Wage and Hour Division (WHD)
July 9, 2003
This is in response to your request for an opinion as to whether a particular compensation system you described complies with the "salary basis" test required for exemption as an executive, administrative or professional employee under the Fair Labor Standards Act (FLSA) pursuant to 29 C.F.R. § 541.118.
Your request relates to a client that is one of the nation's largest producers of energy. The client is considering acquiring power plants and related facilities that engage in compensation practices as described below. The potential acquisitions (the "Company") involve regulated utilities that typically operate 365 days per year and 24 hours per day.
Some of the Company's exempt employees work rotating 12-hour shifts. Other exempt employees work eight-hour shifts. The exempt employees are paid an annual salary computed on a biweekly basis at rates that exceed the minimum amount required by 29 C.F.R. Part 541 (e.g., more than $250 per week). The Company also pays additional compensation, often referred to as "overtime," to many of its exempt employees at the straight-time rate for hours worked in excess of 40 per week. Exempt employees typically are provided with sufficient information based on their annual salary in order to calculate their hourly pay rate in the event that they perform overtime or premium-time work.
The Company has a formal, written pay policy that states that employees may be required to record and report their time and associated tasks each week. This is so for two principal reasons. First, when a Company is regulated, it is usually important for rate-making purposes to know the amount of time each exempt (and non-exempt) employee devotes to various tasks. Second, when a Company has voluntarily elected to provide overtime or premium pay to exempt personnel, those employees must account for their regular as well as their overtime hours each week.
Exempt and non-exempt employees may use the same time-entry codes when they enter their time. For example, using these codes, employees can report time as regular-time, overtime, or premium-time work. Employees also can report time away from work as vacation, sick, jury/military duty, or personal leave, among other things.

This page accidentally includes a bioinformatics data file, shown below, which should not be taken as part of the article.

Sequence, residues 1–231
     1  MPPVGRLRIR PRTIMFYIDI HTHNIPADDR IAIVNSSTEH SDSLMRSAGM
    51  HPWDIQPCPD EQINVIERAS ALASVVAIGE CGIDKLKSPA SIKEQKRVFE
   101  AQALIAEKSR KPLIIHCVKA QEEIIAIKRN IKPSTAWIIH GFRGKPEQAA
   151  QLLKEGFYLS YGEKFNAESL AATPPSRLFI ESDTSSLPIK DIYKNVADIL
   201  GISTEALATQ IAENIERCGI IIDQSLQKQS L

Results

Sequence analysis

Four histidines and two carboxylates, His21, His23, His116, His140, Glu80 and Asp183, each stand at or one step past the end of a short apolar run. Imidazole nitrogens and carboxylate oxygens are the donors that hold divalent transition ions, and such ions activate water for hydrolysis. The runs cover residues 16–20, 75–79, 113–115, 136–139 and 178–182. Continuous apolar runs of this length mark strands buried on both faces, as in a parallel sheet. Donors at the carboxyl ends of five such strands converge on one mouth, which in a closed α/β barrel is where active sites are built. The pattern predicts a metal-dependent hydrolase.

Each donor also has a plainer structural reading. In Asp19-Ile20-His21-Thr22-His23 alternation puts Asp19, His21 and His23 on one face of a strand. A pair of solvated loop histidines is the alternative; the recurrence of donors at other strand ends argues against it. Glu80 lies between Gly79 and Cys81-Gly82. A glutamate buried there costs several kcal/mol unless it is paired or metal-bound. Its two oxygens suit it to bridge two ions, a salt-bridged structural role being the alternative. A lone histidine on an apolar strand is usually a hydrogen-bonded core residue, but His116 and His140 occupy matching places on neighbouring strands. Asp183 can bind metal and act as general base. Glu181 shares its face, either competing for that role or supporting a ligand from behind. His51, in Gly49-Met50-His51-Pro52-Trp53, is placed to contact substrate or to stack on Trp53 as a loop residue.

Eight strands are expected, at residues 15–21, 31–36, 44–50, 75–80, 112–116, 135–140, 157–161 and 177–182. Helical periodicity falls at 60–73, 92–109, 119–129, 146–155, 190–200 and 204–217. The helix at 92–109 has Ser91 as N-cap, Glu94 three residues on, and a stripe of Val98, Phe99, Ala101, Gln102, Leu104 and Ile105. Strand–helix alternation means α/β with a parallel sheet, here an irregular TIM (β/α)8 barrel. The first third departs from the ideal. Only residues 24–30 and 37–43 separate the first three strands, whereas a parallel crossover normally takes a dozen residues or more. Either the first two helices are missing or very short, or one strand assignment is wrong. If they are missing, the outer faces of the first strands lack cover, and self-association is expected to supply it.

The payroll system generates biweekly pay checks for all employees. In order to be paid, each employee must enter the employee's time into the system either directly or through a timekeeper. In some cases, employees may be paid initially only for the amount of time entered on employee time-sheets, and according to the pay code they select to describe that time, such as regular-time, overtime, premium time, or vacation leave.
Employee time-entry errors or omissions may occur. For example, exempt employees may under-report their time. In such circumstances, such errors or omissions may result in an initial payment to employees of less than 1/26th of their annual salary. The Company has a pay adjustment process for correcting employee time-entry errors or omissions. Moreover, the Company's formal, written pay policy expressly prohibits partial day dockings and exempt employees are expected to report at least 80 hours of time each biweekly pay period.1
In requesting my opinion, you asked that I assume that the "duties" test requirements of the exemption provisions are satisfied. You also asked that I assume that, under the compensation system, reductions in pay may occur as the result of time-entry errors or omissions and not as the result of a variation in the quantity or quality of work performed by an employee, e.g., due to partial day absences, a shortage of cash, a shortage of work, jury/military duty, discipline, etc.
Before generalizing on this compensation plan overall, we caution that, because of the structure and wording of the exemption tests, they must be applied employee-by-employee. Determining the exempt status of any particular employee requires considering the specific conditions of the actual employment experience of each individual employee who must be evaluated under all the applicable tests.
If a pay system compensates employees who are claimed to be exempt on the basis of hourly wage rates computed from their actual hours worked each week, it is necessary to determine whether a salary guarantee is in effect and operational. Payment on an hourly basis without an operative salary guarantee does not qualify as a "salary basis" of payment within the meaning of the regulations. See, e.g., Brock v. Claridge Hotel and Casino, 846 F.2d 180, 184-85 (3d Cir. 1988) (purported guaranteed "salary" did not amount to payment on a salary basis because it bore "no relation to the method of paying the supervisor;" the guaranteed minimum payment was unrelated to the employee's income and compensation correlated to and depended upon the number of hours each employee worked); and Martin v. W.E. Monks & Co., 805 F. Supp. 500, 505 (S.D. Ohio 1992) (employees were not paid on a salary basis because they did not receive any guaranteed salary, they were paid less than a full period's pay when they worked less than forty hours in a week, were paid less for days when they worked less than a full day, and the pay policy correlated the employees' pay amount to the hours the employees worked), aff'd, 1 F.3d 1241 (6th Cir. 1993).